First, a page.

Morning Musing: Hebrews 11:35b-38

“Others experienced mockings and scourgings, as well as bonds and imprisonment. They were stoned, they were sawed in two, they died by the sword, they wandered about in sheepskins, in goatskins, destitute, afflicted, and mistreated. The world was not worthy of them. They wandered in deserts and on mountains, hiding in caves and holes in the ground.” (CSB – Read the chapter)

Sometimes when we step out and exercise faith in God, everything goes great. In fact, it goes better than great. We get not just what we wanted, but far more than we could ever ask or imagine. Those kinds of outcomes to our faith are the stories we like to tell. Many of the stories in the Scriptures have these kinds of happy endings. Every story of faith Hollywood tells ends this way. At some point it may look like things are going to go poorly because of faith, but then God saves the day, and they all live happily ever after. But what if things don’t turn out that way? Because in real life, sometimes they don’t. The second set of stories of the results of faith the author of Hebrews shares with us aren’t happy endings. At least they don’t seem to be. Maybe you have a story of faith that didn’t appear to end well. Let’s talk about when we have faith and nothing goes according to plan.

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Morning Musing: Hebrews 10:32-34

“Remember the earlier days when, after you had been enlightened, you endured a hard struggle with sufferings. Sometimes you were publicly exposed to taunts and afflictions, and at other times you were companions of those who were treated that way. For you sympathized with the prisoners and accepted with joy the confiscation of your possessions, because you know that you yourselves have a better and enduring possession.” (CSB – Read the chapter)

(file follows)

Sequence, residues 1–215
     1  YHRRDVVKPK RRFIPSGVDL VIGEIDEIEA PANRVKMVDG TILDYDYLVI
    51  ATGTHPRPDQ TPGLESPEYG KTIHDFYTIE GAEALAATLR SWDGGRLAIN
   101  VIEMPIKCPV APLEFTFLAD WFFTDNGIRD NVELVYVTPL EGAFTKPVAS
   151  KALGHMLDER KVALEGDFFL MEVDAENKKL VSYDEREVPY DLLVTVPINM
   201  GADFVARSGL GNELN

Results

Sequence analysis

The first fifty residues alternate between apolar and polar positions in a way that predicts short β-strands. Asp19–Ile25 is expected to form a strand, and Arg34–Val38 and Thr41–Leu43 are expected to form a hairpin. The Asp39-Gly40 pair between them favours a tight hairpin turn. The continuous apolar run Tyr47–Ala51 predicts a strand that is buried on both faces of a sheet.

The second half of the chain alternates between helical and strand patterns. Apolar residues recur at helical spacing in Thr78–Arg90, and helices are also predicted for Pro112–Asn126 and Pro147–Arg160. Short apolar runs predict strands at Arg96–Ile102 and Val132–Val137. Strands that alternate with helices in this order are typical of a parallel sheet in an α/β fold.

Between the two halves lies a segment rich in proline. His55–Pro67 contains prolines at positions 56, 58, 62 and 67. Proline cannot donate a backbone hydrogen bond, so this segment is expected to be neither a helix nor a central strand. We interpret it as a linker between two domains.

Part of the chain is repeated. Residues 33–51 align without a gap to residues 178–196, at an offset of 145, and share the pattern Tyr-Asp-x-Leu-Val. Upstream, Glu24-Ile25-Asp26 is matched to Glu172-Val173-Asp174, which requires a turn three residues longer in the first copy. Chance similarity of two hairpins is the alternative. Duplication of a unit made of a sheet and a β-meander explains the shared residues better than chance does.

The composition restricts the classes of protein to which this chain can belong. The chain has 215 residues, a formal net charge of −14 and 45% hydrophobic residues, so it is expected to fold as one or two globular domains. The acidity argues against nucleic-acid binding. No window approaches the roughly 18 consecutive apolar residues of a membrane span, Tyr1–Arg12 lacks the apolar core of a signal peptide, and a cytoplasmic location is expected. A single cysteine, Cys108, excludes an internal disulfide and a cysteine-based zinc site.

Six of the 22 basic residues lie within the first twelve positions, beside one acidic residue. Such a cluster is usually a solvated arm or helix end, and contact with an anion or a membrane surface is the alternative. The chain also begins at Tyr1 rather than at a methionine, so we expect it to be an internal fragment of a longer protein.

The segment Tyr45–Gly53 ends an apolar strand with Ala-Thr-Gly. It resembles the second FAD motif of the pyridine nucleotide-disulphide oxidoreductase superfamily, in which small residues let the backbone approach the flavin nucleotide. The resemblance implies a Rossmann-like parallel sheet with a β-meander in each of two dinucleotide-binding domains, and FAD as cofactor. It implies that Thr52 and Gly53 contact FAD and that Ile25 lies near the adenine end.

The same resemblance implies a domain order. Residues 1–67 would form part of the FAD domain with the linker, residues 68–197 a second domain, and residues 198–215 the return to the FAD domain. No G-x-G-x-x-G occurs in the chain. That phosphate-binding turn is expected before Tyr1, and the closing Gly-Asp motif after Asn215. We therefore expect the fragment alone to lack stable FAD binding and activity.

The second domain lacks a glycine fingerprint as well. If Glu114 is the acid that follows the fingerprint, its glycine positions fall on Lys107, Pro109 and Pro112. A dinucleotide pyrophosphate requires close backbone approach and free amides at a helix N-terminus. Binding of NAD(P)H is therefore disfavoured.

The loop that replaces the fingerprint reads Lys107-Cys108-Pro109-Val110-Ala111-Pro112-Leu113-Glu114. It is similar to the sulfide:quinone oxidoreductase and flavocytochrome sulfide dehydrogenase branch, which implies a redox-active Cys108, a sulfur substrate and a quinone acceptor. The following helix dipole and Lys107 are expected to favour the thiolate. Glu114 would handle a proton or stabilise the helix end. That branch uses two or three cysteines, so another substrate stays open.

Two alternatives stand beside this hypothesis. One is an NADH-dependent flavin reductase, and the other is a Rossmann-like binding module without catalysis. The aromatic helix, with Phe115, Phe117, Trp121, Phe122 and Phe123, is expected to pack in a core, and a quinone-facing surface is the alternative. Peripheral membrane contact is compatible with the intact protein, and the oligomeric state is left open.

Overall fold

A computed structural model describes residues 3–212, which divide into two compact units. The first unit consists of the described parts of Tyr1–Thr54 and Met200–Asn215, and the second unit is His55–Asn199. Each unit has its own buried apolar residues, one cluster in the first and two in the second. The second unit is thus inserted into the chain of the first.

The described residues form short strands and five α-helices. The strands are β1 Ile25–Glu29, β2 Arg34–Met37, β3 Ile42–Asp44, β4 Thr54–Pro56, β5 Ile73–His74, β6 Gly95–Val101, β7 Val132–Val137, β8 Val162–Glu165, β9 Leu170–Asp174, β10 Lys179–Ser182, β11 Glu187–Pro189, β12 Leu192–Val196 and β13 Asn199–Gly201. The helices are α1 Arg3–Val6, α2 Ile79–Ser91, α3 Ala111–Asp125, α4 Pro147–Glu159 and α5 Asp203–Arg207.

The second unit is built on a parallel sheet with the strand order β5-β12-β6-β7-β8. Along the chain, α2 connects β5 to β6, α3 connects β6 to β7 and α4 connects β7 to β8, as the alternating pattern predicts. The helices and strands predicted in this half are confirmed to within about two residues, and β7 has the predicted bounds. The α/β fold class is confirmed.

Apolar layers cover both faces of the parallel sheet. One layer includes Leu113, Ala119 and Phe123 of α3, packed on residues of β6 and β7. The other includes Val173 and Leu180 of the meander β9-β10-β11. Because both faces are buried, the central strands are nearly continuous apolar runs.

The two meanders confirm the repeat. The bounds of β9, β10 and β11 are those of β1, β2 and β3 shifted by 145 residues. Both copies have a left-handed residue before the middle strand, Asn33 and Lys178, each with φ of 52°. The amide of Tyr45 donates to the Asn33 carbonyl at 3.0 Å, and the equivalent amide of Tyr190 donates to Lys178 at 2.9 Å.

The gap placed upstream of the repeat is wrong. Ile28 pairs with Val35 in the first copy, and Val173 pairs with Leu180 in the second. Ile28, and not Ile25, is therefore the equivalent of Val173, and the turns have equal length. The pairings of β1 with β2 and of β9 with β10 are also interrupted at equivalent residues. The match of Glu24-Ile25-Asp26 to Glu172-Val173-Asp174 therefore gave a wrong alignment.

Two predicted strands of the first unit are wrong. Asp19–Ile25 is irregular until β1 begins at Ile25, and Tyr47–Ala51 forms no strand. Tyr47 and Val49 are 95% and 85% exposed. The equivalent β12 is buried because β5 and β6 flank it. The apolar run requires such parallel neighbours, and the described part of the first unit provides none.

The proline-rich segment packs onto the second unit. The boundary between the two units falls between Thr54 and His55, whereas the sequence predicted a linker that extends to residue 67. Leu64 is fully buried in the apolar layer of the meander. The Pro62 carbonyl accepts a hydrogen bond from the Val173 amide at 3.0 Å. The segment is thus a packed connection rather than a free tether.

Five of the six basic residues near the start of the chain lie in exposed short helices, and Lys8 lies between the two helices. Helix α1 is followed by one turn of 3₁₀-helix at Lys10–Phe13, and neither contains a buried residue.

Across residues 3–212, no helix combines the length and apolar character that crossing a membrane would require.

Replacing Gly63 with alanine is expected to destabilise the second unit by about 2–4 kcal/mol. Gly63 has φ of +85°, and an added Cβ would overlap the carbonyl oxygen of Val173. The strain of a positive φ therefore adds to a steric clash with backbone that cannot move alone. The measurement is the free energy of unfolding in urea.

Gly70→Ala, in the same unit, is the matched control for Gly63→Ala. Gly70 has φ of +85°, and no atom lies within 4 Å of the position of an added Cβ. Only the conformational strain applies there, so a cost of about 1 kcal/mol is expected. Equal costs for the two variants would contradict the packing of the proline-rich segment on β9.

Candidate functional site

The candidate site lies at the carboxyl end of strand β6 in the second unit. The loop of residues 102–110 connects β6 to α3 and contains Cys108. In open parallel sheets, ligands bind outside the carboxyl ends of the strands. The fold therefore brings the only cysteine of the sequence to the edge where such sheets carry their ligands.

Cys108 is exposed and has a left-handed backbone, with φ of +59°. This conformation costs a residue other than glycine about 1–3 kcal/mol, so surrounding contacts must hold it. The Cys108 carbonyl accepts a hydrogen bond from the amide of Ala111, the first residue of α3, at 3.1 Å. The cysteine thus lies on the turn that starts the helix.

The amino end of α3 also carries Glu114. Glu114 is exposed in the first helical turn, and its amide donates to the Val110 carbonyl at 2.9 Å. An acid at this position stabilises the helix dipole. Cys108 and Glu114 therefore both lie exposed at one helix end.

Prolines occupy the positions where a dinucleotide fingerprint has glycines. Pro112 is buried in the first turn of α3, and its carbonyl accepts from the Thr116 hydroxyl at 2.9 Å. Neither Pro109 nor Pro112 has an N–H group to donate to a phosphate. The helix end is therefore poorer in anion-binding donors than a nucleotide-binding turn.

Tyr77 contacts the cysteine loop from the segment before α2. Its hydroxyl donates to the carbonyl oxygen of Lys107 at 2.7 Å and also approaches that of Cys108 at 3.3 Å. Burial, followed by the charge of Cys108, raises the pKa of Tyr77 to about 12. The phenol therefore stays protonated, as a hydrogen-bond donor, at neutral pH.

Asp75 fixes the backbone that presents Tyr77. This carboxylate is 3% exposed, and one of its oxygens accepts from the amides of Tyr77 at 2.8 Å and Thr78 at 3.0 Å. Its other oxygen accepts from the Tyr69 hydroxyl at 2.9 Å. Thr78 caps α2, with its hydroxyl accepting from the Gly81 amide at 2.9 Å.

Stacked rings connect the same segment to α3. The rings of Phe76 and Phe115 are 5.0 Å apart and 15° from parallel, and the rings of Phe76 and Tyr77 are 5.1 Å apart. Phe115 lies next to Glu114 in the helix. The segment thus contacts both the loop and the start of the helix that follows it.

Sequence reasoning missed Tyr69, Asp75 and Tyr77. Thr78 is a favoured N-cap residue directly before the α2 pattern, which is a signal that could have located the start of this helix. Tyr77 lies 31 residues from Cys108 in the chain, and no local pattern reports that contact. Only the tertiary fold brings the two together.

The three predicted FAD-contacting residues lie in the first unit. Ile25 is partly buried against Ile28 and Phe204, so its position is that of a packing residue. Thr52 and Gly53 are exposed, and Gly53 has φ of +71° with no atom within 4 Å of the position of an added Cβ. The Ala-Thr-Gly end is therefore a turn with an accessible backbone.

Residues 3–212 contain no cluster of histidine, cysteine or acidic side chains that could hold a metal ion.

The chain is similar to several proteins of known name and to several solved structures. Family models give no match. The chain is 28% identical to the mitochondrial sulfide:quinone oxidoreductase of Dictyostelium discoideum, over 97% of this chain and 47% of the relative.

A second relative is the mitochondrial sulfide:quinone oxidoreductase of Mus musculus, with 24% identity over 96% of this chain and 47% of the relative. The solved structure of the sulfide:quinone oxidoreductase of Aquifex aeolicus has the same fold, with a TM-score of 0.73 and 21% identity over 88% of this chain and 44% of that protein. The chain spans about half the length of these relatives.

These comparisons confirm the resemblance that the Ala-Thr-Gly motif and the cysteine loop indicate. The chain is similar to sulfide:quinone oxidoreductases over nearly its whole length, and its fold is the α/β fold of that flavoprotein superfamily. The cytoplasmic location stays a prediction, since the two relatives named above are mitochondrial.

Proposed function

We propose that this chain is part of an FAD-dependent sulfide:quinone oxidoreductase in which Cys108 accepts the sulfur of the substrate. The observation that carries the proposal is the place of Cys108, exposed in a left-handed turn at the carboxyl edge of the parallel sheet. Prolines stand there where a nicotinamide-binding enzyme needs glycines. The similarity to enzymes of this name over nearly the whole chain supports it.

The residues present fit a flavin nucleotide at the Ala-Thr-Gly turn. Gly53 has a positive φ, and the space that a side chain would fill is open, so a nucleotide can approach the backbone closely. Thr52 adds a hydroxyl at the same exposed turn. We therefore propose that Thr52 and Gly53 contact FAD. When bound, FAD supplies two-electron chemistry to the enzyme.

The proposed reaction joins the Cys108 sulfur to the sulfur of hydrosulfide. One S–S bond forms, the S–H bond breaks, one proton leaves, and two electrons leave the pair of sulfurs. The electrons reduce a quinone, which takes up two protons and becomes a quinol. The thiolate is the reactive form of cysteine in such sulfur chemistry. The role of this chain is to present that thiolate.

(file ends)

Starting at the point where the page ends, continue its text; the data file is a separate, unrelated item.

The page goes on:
One of the things Jesus made clear over the course of His ministry is that following Him was not going to be easy. In fact, it was going to be hard…really hard. When we give our lives to God’s kingdom, the authorities of the kingdom of this world aren’t going to take the loss of their power over us lightly. To the extent they are able, they are going to make our lives as difficult and miserable as they can. The obvious question here is why anyone would sign up for this. Because there’s more to life than this life. Let’s talk about it.

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Morning Musing: Romans 5:3-4

“And not only that, but we also boast in our afflictions, because we know that affliction produces endurance, endurance produces proven character, and proven character produces hope.” (CSB – Read the chapter)

How do you handle it when things don’t go your way? Are you the kind of person who can pretty much just roll with it, or are you more of a worrier? The fact is, sometimes life doesn’t go our way. And while those departures from expectation are usually fairly minor and little more than inconveniences, occasionally they are far more bothersome than that. Sometimes these setbacks take the form of various trials and tribulations; they appear as painful persecutions. What do we do then? Paul offers some counsel here that sounds really odd, but in the context of a relationship with Jesus makes perfect sense. Let’s talk about it.